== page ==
Noble Order of Tara - Strathloch Clan Robertson Coat of Arms


Coat of Arms for the Baron Robertson of Strathloch

Strathloch Clan Robertson Coat of Arms
 
Lawrence Durdin-Robertson was the 21st Baron of Strathloch.  This gave him the authority to found an Order of Chivalry.  The photo to the left is the Charter for the Barony of Strathloch.  The Coat of Arms of the Robertson family is shown directly above to the right.  They were matriculated and issued by the Chief Herald of Ireland through the Genealogical Offices in Dublin.
 
The Scottish Clan Robertson has rightful claim to descent from the House of Struan. The Robertsons are unquestionably the oldest family of Scotland. They are the sole remaining branch of the royal house which occupied the Scottish throne in the 11th and 12th century. The Robertsons are known as Clann Donnachaidh (children of Duncan). The Duncan for which the clan is named was the son of Cronan, who was Clan Chief in the early 14th century. The Barony of Struan was created in 1451 for Robert, a grandson of Duncan, son of Cronan. Clann Donnachaidh took the surname of Robertson to signify their descent from Robert the Bruce.

A brief description of the Robertson family Coat of Arms is offered here: 
 
The shield is colored red (Gu, Gules), and signifies military fortitude. The heads of the three wolves are colored silver and white, (Argent). Their manner of depiction represents Peace (Armed) and Sincerity (Languid) in heraldic terms. The exposed fangs of the wolves teeth are called their Arms because they are their offensive weapons. When these are represented in a different colour (Tincture) from the body of the beast they are said to be Armed and the Tincture must be named. When their tongues are of the Tincture of their Arms they are said to Languid. The wolf is a very ancient and uncommon bearing on a coat of arms and is said to denote "valiant captains that do in the end gain their attempts after long strife, and hard enterprise".
Olivia has shared the following about her brother's coat of arms:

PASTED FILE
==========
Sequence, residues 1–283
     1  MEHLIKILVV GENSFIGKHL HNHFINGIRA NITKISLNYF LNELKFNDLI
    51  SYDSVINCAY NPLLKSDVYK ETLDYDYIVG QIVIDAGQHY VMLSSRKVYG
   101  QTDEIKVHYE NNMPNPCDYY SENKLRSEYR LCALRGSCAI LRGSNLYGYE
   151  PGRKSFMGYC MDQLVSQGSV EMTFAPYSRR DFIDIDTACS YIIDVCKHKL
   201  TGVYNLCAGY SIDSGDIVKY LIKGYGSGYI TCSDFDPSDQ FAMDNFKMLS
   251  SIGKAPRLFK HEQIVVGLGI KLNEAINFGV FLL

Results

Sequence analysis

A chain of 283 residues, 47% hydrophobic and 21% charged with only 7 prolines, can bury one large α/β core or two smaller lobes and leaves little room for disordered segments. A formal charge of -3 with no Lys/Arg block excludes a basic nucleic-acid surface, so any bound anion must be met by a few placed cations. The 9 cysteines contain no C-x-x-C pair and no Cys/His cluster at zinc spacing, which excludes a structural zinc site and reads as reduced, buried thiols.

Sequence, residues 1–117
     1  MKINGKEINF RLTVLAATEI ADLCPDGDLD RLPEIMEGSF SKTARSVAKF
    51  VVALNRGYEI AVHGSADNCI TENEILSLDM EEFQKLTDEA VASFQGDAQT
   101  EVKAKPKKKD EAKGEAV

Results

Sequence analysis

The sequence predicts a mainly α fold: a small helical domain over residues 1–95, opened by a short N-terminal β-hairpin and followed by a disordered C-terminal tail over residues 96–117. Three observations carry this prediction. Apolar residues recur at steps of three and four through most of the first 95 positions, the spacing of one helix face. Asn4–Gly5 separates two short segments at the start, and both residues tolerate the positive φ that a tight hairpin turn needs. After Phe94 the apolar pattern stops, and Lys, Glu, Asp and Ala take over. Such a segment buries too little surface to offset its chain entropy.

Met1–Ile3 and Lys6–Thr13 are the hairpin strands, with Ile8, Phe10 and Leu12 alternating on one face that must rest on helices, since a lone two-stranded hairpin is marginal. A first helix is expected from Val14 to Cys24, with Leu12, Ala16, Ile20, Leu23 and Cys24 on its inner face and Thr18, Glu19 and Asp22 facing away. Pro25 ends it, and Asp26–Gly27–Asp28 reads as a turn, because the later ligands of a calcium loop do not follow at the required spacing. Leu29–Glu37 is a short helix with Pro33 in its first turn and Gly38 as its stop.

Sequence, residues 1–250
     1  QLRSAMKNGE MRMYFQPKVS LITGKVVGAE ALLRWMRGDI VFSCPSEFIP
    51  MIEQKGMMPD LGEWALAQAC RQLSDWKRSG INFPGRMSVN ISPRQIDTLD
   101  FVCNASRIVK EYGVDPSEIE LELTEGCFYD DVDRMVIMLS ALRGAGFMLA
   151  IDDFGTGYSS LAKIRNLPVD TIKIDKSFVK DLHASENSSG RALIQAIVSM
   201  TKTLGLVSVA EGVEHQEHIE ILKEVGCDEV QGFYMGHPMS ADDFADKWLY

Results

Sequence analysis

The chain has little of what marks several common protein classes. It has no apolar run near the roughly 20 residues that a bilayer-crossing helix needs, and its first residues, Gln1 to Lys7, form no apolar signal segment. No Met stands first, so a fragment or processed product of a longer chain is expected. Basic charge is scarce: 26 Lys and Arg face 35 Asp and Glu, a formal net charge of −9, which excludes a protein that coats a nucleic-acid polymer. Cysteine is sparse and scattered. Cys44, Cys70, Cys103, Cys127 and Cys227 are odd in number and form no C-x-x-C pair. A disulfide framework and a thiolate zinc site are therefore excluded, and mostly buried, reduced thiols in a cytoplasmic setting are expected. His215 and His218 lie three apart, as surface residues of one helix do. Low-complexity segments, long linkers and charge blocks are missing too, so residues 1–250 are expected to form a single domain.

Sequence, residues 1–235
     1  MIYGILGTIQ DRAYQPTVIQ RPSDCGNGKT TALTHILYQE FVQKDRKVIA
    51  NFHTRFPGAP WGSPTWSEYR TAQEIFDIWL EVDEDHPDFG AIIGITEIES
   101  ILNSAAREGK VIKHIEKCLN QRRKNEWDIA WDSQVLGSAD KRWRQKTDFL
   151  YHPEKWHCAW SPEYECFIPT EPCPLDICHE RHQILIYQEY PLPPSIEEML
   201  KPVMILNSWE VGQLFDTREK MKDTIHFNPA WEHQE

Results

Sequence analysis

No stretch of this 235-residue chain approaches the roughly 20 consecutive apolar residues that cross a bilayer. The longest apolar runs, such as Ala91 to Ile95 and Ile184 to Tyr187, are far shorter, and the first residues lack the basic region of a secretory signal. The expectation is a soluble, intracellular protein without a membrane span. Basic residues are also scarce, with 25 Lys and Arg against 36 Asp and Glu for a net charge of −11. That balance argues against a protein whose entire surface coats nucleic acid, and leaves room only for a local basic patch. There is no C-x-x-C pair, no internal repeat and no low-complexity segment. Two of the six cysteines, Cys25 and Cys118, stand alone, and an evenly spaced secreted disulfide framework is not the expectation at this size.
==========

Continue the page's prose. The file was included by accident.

At the top of the shield is a banner of Azure (Blue), meaning Truth and Loyalty, which is wrapped around the wrist of a hand holding a curved sword. This forms the crest above the shield. Lying on a compartment within the red shield is a wild man chained. These heraldic devices signify victory over forces that defy truth and order.

The Supporters are two Mermaids. Mermaids and Mermen represent eloquence of speech in heraldic symbolism. The motto “Ramis Micat Radix” in Latin is “Ramis” meaning branch, “Micat” meaning shine or glitter, and “Radix” meaning origin or root. It translates as "The root glitters in its branches."

“A Robertson in mediaeval times captured a Graham who was rebelling against the Stuart James 1st of Scotland and brought him shackled to the King, and was rewarded with land. Recently, when a Graham objected to the treatment of her noble ancestor by a Robertson, Olivia said the matter was now well redressed! When his feudal Barony was made a full Barony through the Chief Herald of Ireland, Lawrence Durdin-Robertson could choose his supporters. He chose two Mermaids. Hence the half-nude ancestor of her Graham friend was not a God, the Green God, or Osiris, lying prone, sacrificed with two Goddesses or Mermaids - Isis and Nephthys protecting him. The Robertson and Graham ladies shook hands on it. Would all feuds were resolved so agreeably!”

Gerald Slevin (1919 - 1997) served as the Chief Herald of Ireland at Dublin Castle. He matriculated FOI Co-Founder Lawrence Durdin-Robertson as the twenty-first Baron of Strathloch, with the right to bear a Coat of Arms in 1979. Lawrence was given choice of Supporters for the Coat of Arms. He chose two mermaids to honor his lineage through those Robertsons who left Ireland and settled in the Orkney Islands of northern Scotland. The Coat of Arms was painted by the Herald’s official artist, Mrs. O’Shea.

The motto “Ramis Inicat Radix” in Latin is “Ramis” meaning branch, “Micat” shine or glitter, and “Radix” meaning origin or root. It translates as “The root glitters in its branches.” The “Chained Man” lying prone on the shield represents a rebel Graham, captured by a member of Clan Robertson and brought to James I of Scotland. Olivia writes: ”Ivy binds his hands and feet, he is the sacrificial Green Man - the Horned God in disguise! The mermaids of the Orkneys could also be Melusina, our ancestress, or Lady Godiva, another ancestress. Godiva, comes from ‘Goda’ - female equivalent for ’God’ in Anglo-Saxon.” 


Charter for the Barony of Strathloch


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